Fighting Back Against Domestic Violence

tt-fighting-back-domestic-violence-.jpgWhen you examine the issue of domestic violence, the sheer magnitude of the problem and the relentlessness of its presence can give us pause as we try to combat it in a meaningful and measurable way.

There is no single answer, but one component of that answer is in providing legal aid to survivors of domestic violence, according to Lonnie A. Powers, Executive Director, Massachusetts Legal Assistance Corp. He constructs a strong argument in his favor.

In the 1990s, there appeared to be a significant decline in domestic violence cases, according to a Carnegie Mellon Census Research Data Center study. Added to the research were data from the National Crime Victimization Survey and the U.S. Census Bureau, which seemed to substantiate that the major reason for the decline was, according to Powers, “access to protective orders from courts, legal assistance with child custody and support; divorce and property distribution; and domestic violence-related legal disputes around immigration, housing, and public benefits help survivors over the long-term because these services provided them with ‘real, long-term alternatives to their relationships.’”

This shouldn’t surprise us. Who among us, when in a moment of crisis or high emotional conflict, hasn’t needed a breathing space, a shoulder to lean on, an extended hand willing to help? Imagine how much truer this must be for someone involved in a turbulent personal relationship. And if you add a child (or children) to the emotional equation, the ability to maneuver or move out of the relationship might seem impossible. You would feel like you’re suffocating and unable to breathe. And yet, this is precisely where institutions designed to protect all our citizens represent the best of what we do. Yes, they serve, and they protect (to borrow a motto from many police departments). And therefore, we must support institutions and laws that promote a structure and frankly a path out of the abusive relationship.

I agree with Mr. Powers, and as a legislator, I have taken an active role in supporting legislation that provides help, hope and a pathway to a better tomorrow.

Some of those initiatives include:

  • Providing for a statewide evidence-based program that encourages grants to providers who develop and implement treatment, counseling and supportive services to children and their families who are victims of domestic violence.

  • Mandating counseling for domestic violence perpetrators and a risk assessment prior to issuing an award of visitation, in all cases where a final domestic violence restraining order has been issued and where the domestic violence offender and the victim have a child in common and enumerated risk factors are present.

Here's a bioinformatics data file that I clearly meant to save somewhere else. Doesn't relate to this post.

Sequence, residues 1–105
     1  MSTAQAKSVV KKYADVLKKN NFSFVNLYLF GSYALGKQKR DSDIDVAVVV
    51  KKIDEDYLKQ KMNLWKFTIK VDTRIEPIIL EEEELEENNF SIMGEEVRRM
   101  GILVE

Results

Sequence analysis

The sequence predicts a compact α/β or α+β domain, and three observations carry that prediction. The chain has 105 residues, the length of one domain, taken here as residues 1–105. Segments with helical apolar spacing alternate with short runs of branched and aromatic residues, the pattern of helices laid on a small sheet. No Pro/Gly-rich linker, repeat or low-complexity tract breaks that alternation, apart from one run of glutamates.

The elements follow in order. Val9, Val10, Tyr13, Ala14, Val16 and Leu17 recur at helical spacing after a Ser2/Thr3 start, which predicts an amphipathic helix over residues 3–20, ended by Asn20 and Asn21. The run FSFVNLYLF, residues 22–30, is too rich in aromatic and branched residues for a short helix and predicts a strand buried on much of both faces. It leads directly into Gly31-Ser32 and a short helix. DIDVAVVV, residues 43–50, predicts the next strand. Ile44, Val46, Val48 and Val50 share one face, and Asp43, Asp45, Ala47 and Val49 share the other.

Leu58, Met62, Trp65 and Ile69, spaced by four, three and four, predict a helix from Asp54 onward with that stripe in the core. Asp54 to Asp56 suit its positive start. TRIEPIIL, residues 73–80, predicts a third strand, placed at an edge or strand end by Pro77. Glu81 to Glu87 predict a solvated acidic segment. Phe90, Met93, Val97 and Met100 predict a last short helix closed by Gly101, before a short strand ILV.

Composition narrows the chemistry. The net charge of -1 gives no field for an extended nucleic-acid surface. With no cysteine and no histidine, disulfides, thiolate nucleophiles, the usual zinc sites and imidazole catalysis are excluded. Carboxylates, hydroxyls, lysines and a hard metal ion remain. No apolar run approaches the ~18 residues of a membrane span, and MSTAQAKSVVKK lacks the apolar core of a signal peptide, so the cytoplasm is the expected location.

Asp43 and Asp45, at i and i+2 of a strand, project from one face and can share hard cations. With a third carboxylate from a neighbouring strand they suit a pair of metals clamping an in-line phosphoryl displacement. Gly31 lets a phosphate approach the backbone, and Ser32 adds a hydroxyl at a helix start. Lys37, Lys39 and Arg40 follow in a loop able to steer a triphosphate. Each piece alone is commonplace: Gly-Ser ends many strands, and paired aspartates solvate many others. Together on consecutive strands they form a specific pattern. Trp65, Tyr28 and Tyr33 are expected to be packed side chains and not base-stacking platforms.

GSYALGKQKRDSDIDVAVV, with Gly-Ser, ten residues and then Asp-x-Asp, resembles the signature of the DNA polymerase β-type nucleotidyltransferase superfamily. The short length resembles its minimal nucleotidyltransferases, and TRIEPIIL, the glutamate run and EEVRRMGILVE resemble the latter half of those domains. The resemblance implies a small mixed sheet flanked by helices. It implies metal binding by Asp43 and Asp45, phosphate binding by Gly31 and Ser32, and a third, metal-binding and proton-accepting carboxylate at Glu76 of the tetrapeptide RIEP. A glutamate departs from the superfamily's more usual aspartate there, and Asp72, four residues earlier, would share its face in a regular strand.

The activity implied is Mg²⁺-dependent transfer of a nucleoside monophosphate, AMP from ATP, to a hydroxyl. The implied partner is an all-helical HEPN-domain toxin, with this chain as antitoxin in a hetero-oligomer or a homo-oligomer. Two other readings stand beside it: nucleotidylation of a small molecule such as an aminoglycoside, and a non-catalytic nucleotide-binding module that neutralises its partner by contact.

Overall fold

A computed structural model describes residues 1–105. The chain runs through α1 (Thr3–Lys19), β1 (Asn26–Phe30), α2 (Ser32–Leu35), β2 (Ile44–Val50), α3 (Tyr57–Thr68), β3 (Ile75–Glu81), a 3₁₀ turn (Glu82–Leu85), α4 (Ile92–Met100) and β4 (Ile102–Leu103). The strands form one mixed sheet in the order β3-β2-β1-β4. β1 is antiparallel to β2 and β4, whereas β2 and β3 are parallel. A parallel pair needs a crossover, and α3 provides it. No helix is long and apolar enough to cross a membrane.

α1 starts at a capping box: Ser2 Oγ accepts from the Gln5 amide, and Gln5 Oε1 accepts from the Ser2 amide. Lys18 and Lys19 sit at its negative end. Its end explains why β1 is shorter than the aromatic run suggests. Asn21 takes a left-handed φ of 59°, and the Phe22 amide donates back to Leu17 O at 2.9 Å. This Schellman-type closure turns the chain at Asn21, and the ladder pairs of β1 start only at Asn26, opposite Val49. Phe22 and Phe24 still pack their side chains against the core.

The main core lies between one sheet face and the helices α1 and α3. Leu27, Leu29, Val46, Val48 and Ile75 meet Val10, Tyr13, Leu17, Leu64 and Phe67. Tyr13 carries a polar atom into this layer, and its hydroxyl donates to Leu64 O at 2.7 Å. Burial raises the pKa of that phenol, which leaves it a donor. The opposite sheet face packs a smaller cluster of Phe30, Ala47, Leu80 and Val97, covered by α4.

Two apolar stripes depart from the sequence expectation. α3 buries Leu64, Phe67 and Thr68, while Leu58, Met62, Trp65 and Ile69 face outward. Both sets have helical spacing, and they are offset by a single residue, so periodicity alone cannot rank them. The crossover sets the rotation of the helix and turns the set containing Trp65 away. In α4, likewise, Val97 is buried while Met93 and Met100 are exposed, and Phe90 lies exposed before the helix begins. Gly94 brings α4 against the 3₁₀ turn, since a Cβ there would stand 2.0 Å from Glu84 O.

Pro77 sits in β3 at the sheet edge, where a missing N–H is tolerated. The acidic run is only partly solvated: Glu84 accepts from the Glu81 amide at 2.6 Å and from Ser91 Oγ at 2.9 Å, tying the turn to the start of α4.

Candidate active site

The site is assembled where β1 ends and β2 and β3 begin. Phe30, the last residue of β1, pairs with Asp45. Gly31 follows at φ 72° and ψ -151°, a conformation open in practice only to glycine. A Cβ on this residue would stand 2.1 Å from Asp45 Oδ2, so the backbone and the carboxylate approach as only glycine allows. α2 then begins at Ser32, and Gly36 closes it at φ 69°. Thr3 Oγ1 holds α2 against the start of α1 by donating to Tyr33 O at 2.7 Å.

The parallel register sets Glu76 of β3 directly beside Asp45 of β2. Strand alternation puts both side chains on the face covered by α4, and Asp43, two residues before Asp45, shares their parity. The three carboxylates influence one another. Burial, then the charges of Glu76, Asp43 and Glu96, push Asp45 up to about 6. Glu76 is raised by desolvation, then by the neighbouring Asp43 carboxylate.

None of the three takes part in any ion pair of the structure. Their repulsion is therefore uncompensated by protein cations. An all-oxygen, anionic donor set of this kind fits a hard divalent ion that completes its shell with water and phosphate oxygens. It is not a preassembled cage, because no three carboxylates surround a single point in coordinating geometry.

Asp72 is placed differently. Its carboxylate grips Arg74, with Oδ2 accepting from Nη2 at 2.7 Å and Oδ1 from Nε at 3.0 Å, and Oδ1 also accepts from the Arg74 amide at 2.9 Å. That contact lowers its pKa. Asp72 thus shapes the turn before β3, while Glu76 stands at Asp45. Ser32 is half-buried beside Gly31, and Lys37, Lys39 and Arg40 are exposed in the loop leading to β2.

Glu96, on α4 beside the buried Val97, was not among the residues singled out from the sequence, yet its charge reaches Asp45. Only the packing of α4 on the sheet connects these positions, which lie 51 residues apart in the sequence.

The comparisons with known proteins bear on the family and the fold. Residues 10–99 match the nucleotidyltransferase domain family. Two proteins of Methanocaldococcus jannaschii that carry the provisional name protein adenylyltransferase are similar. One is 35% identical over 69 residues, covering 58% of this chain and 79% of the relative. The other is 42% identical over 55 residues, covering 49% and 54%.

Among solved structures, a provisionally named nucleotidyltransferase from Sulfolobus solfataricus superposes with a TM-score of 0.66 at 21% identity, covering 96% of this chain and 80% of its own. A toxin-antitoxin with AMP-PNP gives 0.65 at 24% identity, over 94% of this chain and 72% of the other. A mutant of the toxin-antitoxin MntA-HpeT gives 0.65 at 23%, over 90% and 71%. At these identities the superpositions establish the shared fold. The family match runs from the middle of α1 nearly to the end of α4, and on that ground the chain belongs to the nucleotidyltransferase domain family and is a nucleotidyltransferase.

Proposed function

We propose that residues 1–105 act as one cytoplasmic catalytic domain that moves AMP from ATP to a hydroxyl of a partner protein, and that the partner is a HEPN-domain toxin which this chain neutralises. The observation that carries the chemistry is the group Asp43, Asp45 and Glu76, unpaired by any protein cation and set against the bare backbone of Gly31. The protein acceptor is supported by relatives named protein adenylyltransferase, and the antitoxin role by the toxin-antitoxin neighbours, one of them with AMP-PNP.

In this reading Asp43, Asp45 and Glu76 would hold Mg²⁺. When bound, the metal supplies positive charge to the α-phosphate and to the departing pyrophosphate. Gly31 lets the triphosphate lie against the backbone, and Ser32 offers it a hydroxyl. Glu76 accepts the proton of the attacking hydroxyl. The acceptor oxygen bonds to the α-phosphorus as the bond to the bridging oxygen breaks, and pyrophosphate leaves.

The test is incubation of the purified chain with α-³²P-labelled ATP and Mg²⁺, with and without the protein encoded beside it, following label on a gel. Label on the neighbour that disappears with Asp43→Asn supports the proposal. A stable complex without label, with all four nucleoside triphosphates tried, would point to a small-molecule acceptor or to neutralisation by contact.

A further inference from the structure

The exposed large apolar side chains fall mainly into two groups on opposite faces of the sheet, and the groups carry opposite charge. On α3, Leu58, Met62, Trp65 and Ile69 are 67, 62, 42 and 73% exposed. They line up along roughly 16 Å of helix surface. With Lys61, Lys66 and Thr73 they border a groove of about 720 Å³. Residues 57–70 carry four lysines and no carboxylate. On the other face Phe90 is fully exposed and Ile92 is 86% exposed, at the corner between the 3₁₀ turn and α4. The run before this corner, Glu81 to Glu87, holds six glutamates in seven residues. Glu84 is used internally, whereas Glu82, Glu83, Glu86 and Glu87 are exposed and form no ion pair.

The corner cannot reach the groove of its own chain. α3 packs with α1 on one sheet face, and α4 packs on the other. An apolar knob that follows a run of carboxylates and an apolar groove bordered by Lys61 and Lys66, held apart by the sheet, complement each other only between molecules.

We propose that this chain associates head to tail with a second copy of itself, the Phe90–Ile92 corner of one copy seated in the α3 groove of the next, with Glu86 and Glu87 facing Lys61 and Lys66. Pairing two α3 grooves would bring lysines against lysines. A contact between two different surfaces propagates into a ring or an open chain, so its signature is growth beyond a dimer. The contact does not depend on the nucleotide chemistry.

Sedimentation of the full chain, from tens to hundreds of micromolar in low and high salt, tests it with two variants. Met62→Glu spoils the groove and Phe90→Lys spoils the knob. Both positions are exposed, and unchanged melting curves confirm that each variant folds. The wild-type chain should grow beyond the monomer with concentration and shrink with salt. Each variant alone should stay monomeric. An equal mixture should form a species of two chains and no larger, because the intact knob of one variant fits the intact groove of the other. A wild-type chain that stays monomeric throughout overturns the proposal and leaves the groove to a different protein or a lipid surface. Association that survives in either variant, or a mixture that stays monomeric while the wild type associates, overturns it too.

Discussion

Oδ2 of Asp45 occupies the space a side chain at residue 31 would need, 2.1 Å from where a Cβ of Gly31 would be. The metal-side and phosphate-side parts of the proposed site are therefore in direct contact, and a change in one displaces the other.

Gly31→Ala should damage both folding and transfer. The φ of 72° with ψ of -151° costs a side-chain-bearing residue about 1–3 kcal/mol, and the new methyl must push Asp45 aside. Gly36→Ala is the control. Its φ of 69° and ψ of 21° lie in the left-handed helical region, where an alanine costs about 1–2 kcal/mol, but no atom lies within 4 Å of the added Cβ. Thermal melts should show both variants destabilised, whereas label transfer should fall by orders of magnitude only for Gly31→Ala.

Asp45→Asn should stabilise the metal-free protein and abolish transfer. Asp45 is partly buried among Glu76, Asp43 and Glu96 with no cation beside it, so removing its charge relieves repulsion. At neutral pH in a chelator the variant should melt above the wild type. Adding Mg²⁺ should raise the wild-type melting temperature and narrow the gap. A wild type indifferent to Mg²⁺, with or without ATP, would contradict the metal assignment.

• Confronting the issues that legal systems face with domestic violence, by creating a Technology Task Force within the court’s Domestic Violence Task Force. The purpose would be to add more experts to examine the problem of domestic violence and mandate that certified matrimonial attorneys complete basic domestic violence training. Additionally, require certain police officers to obtain this type of training too.

  • Establishing a program to allow for the electronic monitoring of domestic violence offenders, who are found by a court to have violated a domestic violence restraining order.

These ideas and several others that I support create an institutional framework that removes the victims of domestic violence from their situation and offers protection to them from the perpetrators who commit these crimes. Integral in their protection  are non-profit organizations, such as Providence House Domestic Violence Services of Catholic Charities, which helps the abused through education, empowerment, and advocacy while providing them with a safe haven.  

As an elected official, I believe that it is incumbent upon me to use my platform to help effect change. However, regardless of anyone’s title we all have a role to play towards the goal of ending domestic violence. Disrupting the developmental pathways that lead to domestic violence and teaching skills that promote respectful, nonviolent relationships through individual, relationship, community, and societal level change are key ingredients to turning this goal into a reality. 

That’s my take, what’s yours?


If you need help, contact The National Domestic Violence Hotline at 1-800-709-SAFE (7233) or www.TheHotline.org.

You can also receive fact sheets, membership information and valuable resources at the National Coalition Against Domestic Violence’s website, www.ncadv.org.

For help locally, please call Providence House Domestic Violence Services 24-Hour Hotline for Burlington County: 1-877-871-7551 or 609-871-7551 or https://www.catholiccharitiestrenton.org/domestic-violence-services/


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